Each villager was rated in terms of his or her participation in the cultural activities introduced by the study. Thirty percent of the villagers participated at one time or another, while 70 percent never participated... For the men there was a significant correlation between productiveness and cultural participation. ...

Why is it that the unproductive and receptive villagers do not respond to new cultural stimulation? First of all, the nature of the unproductive person is that he does not respond to stimuli, that he is passive. Furthermore, some of the particular stimuli might even have made him feel worse, in that they have reminded him of the values that represent the dominant ethic of material gain and progress and which would make him appear irresponsible and lazy. Even some of the folk stories tend to emphasize the values and moralizing of hoarding free peasants in Europe. ... If the passive-receptive villagers are to respond to cultural stimuli, it would seem that these would have to be of a different type in the context of new economic conditions that promise a better future for these people. (141-142)

A noble effort in the broadest sense, I think, but also seemingly oblivious to a couple of key points. (As always, points that the Cultural specialist would not have overlooked, whatever our other blind spots might be.) First, the authenticity problem mentioned before has not been solved here, or not REsolved at least. The presentation of both indigenous and imported peasant-themed literature certainly counts for something, and the resonances with other people from other parts of the world could be powerful. Even so, there is only so far this kind of progress can go without completing the circle as it were, i.e. nurturing and eliciting creative agency in the local polity. From my vantage point within today's outreach paradigm, the apparent limitation of this study's cultural outreach purview to the presentation of existing artifacts stands out. Certainly this is the necessary starting point; one does not go straight to cultural creation in such a scenario, but I think that the effect EF and MM clearly are seeking necessitates that agency be an eventual goal. This is NOT to say that "peasant" art can meet all needs, or that "local" production necessarily has some special metaphysical quality, or that every peasant should/must become some kind of artist. It is merely to point out that such outside studies cannot remain responsible for a village's cultural life indefinitely. At some point they must teach the man to fish, as the saying goes.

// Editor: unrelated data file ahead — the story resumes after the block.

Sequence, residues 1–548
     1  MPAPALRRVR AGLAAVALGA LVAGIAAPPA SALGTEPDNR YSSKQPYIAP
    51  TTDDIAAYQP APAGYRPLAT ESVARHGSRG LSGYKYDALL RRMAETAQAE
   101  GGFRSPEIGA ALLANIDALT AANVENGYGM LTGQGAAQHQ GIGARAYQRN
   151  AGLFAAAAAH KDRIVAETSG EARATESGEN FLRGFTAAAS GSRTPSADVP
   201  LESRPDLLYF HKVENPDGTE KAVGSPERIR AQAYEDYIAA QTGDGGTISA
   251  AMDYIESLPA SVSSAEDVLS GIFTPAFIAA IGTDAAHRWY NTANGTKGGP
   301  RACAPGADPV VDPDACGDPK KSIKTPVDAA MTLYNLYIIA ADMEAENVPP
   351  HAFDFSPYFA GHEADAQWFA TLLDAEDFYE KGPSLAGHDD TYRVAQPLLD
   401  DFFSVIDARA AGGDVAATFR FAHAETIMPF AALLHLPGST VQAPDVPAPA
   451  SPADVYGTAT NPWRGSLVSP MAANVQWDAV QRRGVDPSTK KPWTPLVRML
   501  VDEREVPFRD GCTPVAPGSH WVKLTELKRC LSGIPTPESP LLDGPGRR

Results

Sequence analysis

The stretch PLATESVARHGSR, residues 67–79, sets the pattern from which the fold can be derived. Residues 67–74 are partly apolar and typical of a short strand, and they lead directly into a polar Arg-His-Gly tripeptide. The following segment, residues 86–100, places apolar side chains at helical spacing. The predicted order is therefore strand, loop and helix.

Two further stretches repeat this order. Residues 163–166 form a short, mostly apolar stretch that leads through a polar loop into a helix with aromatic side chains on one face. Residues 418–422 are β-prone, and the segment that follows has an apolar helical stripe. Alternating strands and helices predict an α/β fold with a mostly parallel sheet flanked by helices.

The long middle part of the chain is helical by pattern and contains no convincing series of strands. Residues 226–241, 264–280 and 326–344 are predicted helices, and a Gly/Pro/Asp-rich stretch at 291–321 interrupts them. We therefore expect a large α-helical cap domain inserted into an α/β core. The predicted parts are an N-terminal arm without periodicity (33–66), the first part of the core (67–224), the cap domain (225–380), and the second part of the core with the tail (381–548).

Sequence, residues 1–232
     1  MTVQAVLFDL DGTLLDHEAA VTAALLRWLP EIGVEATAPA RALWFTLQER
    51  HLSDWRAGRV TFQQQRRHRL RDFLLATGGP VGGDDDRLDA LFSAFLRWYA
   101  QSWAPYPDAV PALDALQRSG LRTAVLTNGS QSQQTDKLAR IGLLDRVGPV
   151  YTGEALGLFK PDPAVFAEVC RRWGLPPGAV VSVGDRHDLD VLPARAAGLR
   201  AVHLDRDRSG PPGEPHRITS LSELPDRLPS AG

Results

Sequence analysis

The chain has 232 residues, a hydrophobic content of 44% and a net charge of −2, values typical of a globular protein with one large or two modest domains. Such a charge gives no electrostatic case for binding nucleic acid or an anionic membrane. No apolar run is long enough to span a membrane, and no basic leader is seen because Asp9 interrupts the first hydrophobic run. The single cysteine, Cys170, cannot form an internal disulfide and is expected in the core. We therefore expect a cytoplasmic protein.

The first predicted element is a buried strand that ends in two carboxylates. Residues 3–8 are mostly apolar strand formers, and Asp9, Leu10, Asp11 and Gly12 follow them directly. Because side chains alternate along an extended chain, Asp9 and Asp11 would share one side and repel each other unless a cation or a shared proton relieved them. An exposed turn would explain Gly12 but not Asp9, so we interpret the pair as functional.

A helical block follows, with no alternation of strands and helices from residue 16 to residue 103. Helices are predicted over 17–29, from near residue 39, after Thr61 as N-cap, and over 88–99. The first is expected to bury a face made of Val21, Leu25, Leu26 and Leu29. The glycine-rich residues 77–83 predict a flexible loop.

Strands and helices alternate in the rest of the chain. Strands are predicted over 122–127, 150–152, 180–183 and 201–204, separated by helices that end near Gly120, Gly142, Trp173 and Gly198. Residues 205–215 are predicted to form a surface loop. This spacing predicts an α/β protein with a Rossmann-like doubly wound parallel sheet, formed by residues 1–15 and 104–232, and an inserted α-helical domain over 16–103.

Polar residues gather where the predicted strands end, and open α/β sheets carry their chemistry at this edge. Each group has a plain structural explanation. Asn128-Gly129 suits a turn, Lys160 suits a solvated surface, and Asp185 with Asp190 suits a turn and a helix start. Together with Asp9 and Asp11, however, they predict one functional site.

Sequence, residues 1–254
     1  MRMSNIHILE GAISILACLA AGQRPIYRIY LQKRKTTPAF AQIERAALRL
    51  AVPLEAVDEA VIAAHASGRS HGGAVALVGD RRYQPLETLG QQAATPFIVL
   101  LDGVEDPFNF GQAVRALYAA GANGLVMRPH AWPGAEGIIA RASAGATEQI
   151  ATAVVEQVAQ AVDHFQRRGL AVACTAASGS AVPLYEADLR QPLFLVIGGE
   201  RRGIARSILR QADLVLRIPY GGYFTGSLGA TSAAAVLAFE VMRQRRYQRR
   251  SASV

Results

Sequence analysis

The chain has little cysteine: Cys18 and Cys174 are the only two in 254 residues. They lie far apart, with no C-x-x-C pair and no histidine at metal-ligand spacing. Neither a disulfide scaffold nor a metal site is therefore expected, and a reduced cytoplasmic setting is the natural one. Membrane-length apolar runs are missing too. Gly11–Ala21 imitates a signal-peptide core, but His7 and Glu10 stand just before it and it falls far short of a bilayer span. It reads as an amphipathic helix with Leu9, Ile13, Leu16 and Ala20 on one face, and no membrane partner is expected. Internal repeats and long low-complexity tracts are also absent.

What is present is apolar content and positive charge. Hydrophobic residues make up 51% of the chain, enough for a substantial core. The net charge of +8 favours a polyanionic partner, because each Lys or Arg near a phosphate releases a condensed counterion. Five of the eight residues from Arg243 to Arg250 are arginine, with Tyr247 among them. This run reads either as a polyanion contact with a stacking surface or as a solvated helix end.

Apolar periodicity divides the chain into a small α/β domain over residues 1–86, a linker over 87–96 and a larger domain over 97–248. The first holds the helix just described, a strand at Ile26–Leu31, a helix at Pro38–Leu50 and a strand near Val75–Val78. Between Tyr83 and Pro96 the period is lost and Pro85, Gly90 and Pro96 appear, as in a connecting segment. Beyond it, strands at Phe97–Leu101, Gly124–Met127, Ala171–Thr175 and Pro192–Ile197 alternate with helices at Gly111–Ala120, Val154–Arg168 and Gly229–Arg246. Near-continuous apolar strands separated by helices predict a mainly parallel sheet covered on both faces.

I'm not oblivious to the many and varied potential reasons why this was not attempted, but I am always surprised when it is not even addressed. The authors remark a few times that many of these peasants are in fact time-rich, which obliterates the first/best argument of various Communist oppositions to "bourgeois art" being offered up to their people; but then the conclusion that most such peasants here are time-rich because unproductive/receptive, cane planters, etc. indicates that those with the time won't benefit (can't, really) from "cultural stimuli" of any kind. The "good" ones, then, just like in American high schools, are by virtue of their breadth of interests and "good" qualities actually somewhat more strapped for time, and this intentionally and probably happily. Hence something of an impasse which is not easily massaged.

In any case, though I'm usually the ultimate skeptic of art-as-proxy for various types of general personal development in the post-industrial world, in the world here described by EF and MM, where a sizeable minority manage to achieve unmistakable inner genuineness and warmth against all odds only to have it somewhat locked inside of them by dysfunctional cultural/behavioristic norms, the potential for art therapy seems greater.

[from a notebook, 2016 or 2017]